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Ohio’s 200th RED HORSE Squadron teams with Navy, Marines to help Hawaiian community

By 1st Lt. Paul Stennett | 179th Airlift Wing | Oct. 31, 2017

KAPAA, Hawaii — The Ohio Air National Guard's 200th RED HORSE Squadron led a multiservice team of engineers this summer in the construction of an elevated boardwalk to help provide a safer, more direct route to connect people living near the Kauai Path.

Airmen from the 200th RED HORSE (Rapid Engineer Deployable Heavy Operational Repair Squadron Engineer) Squadron teamed with Seabees from Naval Mobile Construction Battalion 25 in Port Hueneme, California, and Marines from the Engineer Services Company in Springfield, Oregon, to conduct an Innovative Readiness Training mission in Kapaa.

Established by the Department of Defense, Innovative Readiness Training (IRT) provides opportunities for military units to build proficiency and readiness while addressing public and civil-society needs — such as infrastructure, health care, transportation and cybersecurity — that align with military mission essential training requirements. These types of missions are conducted to strengthen the bond between American citizens and the U.S. military, while fostering a spirit of service and volunteerism among all partners and the communities they serve.

The IRT mission here was to construct the Kawaihau Elevated Boardwalk, an Americans with Disabilities Act (ADA)-compliant path that will provide a safe connection between lower and upper portions of the Kawaihau Spur. This summer's iteration was the third phase of construction out of six phases. The Kauai Path extends about 20 miles along the eastern coast of the island.

There are three schools, elderly housing, a library, swimming pool and the largest bedroom community in the area that will be better connected due to the installation of the elevated boardwalk.

"Not only do we get great comprehensive training, to include logistics, engineering and construction skills from missions like these but we get to give back to communities and leave a positive impact for the community; an impact that lasts long after we are gone," said Lt. Col. Joe Logan, 200th RHS deputy commander.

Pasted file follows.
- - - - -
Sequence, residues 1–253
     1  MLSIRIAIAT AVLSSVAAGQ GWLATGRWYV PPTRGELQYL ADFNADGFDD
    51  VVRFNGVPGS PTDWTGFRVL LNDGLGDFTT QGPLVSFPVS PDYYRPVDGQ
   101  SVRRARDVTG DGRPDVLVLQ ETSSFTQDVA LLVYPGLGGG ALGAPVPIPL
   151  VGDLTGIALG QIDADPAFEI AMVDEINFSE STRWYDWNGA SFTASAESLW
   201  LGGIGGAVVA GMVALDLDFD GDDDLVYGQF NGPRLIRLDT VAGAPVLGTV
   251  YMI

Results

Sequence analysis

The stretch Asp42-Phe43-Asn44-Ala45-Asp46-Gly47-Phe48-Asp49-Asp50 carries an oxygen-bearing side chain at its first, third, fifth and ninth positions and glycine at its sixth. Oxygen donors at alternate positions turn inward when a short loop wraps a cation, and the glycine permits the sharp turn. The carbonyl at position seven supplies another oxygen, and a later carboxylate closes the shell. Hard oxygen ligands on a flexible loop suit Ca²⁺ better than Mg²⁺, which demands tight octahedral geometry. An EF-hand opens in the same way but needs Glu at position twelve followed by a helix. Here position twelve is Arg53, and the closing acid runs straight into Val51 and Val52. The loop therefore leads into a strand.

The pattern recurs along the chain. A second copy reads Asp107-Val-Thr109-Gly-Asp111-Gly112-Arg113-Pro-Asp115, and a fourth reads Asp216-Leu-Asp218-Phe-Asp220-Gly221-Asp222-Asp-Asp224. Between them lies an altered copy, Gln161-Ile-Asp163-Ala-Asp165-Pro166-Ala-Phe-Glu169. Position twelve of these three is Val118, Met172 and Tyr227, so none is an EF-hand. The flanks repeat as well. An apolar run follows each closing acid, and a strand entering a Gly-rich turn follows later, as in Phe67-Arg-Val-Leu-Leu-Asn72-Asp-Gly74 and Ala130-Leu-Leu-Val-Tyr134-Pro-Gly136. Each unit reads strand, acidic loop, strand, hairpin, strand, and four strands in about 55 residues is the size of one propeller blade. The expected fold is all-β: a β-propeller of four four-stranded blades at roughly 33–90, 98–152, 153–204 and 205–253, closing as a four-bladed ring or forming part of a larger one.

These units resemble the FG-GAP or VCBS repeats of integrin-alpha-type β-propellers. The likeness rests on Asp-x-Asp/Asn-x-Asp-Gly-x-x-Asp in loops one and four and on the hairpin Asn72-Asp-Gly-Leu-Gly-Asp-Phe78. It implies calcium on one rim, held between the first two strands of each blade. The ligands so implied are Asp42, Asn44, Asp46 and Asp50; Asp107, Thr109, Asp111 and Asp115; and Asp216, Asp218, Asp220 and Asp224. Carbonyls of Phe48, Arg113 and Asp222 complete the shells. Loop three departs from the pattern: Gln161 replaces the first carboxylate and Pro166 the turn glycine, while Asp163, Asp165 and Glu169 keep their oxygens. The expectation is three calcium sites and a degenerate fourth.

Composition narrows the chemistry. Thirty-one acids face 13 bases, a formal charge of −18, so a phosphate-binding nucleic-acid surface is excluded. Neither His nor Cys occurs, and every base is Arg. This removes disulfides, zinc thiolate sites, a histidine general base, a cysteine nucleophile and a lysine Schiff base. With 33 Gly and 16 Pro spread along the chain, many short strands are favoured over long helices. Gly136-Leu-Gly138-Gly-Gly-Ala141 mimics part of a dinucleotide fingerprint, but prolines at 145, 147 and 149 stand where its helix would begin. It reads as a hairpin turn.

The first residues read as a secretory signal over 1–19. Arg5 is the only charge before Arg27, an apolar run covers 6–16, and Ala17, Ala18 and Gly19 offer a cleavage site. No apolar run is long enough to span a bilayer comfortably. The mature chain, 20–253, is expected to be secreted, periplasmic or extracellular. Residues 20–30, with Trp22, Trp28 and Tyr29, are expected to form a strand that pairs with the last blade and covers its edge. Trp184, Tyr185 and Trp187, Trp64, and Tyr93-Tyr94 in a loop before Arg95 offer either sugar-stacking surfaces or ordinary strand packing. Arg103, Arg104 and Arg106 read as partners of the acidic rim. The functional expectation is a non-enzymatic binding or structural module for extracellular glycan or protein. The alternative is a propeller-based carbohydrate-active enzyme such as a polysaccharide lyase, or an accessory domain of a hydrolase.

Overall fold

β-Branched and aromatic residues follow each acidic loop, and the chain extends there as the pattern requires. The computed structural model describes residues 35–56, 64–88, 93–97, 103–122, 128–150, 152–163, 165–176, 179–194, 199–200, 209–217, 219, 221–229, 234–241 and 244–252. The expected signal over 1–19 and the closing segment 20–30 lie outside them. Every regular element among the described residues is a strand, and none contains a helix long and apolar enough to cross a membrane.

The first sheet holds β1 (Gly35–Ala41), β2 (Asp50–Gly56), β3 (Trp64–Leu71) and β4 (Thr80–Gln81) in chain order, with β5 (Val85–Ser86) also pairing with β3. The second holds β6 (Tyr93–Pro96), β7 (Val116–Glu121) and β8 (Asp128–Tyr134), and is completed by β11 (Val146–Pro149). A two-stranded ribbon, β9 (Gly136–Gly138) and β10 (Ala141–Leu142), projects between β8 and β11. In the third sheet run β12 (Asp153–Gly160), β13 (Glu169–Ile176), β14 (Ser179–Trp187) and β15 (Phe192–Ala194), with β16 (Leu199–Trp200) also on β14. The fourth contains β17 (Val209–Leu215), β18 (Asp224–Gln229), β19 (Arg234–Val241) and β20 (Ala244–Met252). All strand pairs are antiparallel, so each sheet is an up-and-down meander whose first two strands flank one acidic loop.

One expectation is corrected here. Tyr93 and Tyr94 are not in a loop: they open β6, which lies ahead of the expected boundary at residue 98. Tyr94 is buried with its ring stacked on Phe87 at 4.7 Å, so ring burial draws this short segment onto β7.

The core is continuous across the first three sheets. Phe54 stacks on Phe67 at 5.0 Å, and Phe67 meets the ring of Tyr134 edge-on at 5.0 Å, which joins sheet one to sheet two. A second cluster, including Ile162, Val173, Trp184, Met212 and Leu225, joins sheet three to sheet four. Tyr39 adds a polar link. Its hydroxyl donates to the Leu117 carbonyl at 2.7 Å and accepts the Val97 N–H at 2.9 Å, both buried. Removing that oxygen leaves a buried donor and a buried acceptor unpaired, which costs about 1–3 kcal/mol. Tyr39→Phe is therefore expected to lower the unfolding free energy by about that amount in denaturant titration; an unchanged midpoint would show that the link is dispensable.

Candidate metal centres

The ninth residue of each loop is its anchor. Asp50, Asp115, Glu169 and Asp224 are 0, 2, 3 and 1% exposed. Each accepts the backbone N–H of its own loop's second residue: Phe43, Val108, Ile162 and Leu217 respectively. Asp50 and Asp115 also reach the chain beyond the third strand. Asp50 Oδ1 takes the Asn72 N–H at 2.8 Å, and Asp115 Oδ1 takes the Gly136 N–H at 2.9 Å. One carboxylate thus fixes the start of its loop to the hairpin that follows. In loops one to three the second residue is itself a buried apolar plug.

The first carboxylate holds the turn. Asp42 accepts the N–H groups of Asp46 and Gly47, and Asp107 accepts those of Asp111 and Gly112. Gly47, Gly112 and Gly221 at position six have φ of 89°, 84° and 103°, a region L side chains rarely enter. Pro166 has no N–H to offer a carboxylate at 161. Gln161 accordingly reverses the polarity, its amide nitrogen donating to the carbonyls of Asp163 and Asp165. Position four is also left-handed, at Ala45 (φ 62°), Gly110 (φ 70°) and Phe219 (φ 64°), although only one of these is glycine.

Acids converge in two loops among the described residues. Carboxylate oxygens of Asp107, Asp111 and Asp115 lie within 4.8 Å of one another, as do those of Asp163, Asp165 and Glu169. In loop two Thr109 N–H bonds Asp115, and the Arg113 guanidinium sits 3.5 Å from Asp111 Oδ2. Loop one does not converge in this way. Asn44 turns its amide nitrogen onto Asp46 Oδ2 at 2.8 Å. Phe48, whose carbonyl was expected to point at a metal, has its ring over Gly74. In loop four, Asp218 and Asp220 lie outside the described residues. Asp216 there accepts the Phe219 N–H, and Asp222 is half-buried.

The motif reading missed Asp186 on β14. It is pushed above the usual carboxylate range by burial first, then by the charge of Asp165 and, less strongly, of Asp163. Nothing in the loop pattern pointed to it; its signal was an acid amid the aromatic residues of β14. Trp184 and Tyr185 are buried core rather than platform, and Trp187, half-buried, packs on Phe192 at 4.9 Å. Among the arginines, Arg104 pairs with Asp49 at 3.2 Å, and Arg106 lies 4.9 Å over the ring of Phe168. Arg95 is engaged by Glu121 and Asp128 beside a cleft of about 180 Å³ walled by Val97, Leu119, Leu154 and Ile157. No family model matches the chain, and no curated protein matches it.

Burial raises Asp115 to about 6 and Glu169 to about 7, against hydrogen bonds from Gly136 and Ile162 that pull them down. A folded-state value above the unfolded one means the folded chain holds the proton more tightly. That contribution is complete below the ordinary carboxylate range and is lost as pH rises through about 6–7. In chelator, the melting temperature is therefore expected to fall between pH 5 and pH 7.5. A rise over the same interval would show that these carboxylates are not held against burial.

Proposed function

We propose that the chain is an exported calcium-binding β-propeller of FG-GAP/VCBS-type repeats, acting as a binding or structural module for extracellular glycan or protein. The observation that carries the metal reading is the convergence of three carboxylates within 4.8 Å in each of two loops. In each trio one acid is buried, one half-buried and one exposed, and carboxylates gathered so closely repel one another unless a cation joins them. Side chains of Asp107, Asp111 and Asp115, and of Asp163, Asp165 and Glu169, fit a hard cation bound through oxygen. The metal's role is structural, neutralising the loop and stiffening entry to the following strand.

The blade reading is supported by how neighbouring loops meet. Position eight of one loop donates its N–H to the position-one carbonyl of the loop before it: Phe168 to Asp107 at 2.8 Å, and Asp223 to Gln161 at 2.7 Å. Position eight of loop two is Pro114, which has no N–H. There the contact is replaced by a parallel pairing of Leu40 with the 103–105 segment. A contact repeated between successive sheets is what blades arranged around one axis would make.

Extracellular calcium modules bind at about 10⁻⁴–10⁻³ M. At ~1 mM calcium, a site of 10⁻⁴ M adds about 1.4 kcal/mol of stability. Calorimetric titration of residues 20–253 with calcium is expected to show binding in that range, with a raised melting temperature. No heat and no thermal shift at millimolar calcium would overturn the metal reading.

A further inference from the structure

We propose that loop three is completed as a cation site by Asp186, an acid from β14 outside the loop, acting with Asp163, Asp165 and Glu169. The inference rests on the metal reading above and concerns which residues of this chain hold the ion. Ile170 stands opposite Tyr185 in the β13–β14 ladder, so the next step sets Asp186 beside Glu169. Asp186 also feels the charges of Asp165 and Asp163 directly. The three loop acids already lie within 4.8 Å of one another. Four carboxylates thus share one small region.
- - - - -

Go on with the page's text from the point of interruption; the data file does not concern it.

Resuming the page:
IRT projects on Kauai first started a few years back when the Kauai District Health Office successfully applied to the Pentagon for support from military medical professionals to help provide free, basic health services to citizens who need it, under a program dubbed Tropic Care.

The elevated boardwalk construction project is, in a sense, an extension of the medical support mission as the Kauai District Health Office is promoting walkways, like the Kawaihau Elevated Boardwalk, as a means to increase awareness of and encourage healthier living and fitness choices.

The path provides for the community of walkers, joggers, runners and bicyclists a route to reach the Kauai Path where people on the island go for fitness and physical exercise. It will provide a path that is safer and more accessible than the existing local roads and informal trails. The path features more than 1,000 feet of 12-foot wide boardwalk, with the framing, decking and railings made of fiberglass reinforced plastic (FRP).

This IRT mission and others like it help provide mission-essential training to military members. And, with the versatile capabilities of the 200th RED HORSE Squadron, projects such as these allow the unit's Airmen to receive training on horizontal and vertical construction that they cannot replicate at home.

"We can only do so much training in garrison because our capabilities allow us to literally build bases in the middle of nowhere," said Senior Master Sgt. Thomas Barron. "Since we don't have the space at home, we have used these missions to build schools, hospitals, etc., so our Airmen can be proficient when it comes time to forward deploy."